The chemistry of the powder affects erosion. Different combustion products can vary the properties of the steel and its erosion resistance. Molecules from the burning powder are driven into the interstitial layers of the steel, changing its characteristics (including melting point). Nitrogen and hydrogen can further change properties (nitriding actually makes the steel more erosion resistant.).

    If gases blow by the bullet, erosion is multiplied. The expanding gases can move at speeds upwards of 5,000 fps. Turbulent gases substantially increase the heat transfer to the barrel. Throttling of the high velocity hot gases between the bullet and barrel might strip the hot barrel surface. Complex interaction might be an understatement.

    Further down the barrel the temps and pressure are lower and the mechanical effects of the bullet might be more pronounced, but the overall erosion is still much less than at the throat … or at the muzzle … unless you’re using very hard bullets (steel, turned brass, etc). The expanding gases still want to move faster than the bullet. When the bullet just exits the muzzle the gases blow by a very high speed while still under extreme pressure. When the bullet is clear of the muzzle the gases continue to blow out until pressures are equalized. I suspect the wear at the muzzle is a complex interaction similar to that seen at the throat but with lower temperatures and pressures.

    If you look into barrel with a boroscope you might see cracking or crazing (heat checks). This is due to all the above – chemical changes due to interaction of the steel with the powder changes the properties of the surface of the bore – hardness, melting temperature, expansion coefficient, even density. High temps and pressure affect mechanical properties and propagate the cracking. The cracks leave more surface exposed and access deeper into the barrel. These cracks are catch points where material can be mechanically torn off. Differential expansion coefficients between the surface and underlying structure can eventually lead to separation. These pieces, which are likely very hard and sharp, might damage other parts of the bore, especially if embedded in the bullet. So, barrel erosion is due to the interaction of heat, pressure, friction, and chemistry. More material is exposed to the cycle.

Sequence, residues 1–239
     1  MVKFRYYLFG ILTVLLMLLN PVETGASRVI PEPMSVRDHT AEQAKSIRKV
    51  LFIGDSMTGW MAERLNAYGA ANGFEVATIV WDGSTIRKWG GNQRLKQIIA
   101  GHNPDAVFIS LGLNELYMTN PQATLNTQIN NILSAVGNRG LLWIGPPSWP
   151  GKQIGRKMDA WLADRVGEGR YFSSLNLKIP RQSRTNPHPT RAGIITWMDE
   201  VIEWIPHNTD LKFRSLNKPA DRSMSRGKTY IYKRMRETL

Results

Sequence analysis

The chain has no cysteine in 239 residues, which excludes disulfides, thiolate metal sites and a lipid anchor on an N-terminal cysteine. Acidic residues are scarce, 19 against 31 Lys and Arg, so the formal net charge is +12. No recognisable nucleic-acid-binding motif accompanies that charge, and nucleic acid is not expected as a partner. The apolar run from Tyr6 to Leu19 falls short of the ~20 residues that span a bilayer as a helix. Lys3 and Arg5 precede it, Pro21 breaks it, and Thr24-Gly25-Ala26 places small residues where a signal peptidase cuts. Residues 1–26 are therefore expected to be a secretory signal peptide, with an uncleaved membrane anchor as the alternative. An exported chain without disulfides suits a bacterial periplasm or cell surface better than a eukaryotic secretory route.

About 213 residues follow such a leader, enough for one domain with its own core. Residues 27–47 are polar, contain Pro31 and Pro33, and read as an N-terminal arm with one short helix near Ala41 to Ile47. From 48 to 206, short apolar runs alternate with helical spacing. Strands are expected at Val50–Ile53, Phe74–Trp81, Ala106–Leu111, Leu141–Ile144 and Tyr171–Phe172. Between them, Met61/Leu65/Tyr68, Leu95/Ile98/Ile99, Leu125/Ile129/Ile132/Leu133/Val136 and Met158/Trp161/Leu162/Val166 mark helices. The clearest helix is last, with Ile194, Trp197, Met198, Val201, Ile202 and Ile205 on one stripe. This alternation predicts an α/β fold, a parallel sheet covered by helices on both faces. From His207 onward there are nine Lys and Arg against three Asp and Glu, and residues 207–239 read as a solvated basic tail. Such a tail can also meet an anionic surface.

If you go to the Lilja website, he writes a bit about bore erosion. Interesting to me that he rates the .25-06 right alongside the .308 Win. Keep in mind that his definition of accuracy is based on competition.

    Lilja also links three government studies on bore erosion submitted by a Sylvain Benoit. Most of the above is summarized from these papers, especially the Australian study, combined with my understanding from a previous life as a materials engineer and past readings on the topic. I am not taking the time to highlight what is from the papers and what is from my past so I’d suggest reading the papers and not quoting the above. I am not an expert, just an interested party interpreting and extrapolating some studies and interjecting my opinions to try to shed some light on the topic. Keep in mind that these are military studies – the powders they used are not the same as we use. Some are for big guns.

    Consider this a starting point. Perhaps you know more and might contradict some of this. If so, my ears are always open.